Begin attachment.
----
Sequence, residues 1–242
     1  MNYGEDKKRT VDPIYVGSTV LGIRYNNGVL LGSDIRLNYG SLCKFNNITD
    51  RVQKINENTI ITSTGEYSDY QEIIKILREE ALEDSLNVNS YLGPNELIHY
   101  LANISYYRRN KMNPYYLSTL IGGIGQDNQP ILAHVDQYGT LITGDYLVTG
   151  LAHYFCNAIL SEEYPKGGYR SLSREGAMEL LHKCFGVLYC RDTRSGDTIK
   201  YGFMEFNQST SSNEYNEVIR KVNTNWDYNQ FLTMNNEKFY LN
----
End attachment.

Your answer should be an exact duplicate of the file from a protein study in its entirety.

Sequence, residues 1–242
     1  MNYGEDKKRT VDPIYVGSTV LGIRYNNGVL LGSDIRLNYG SLCKFNNITD
    51  RVQKINENTI ITSTGEYSDY QEIIKILREE ALEDSLNVNS YLGPNELIHY
   101  LANISYYRRN KMNPYYLSTL IGGIGQDNQP ILAHVDQYGT LITGDYLVTG
   151  LAHYFCNAIL SEEYPKGGYR SLSREGAMEL LHKCFGVLYC RDTRSGDTIK
   201  YGFMEFNQST SSNEYNEVIR KVNTNWDYNQ FLTMNNEKFY LN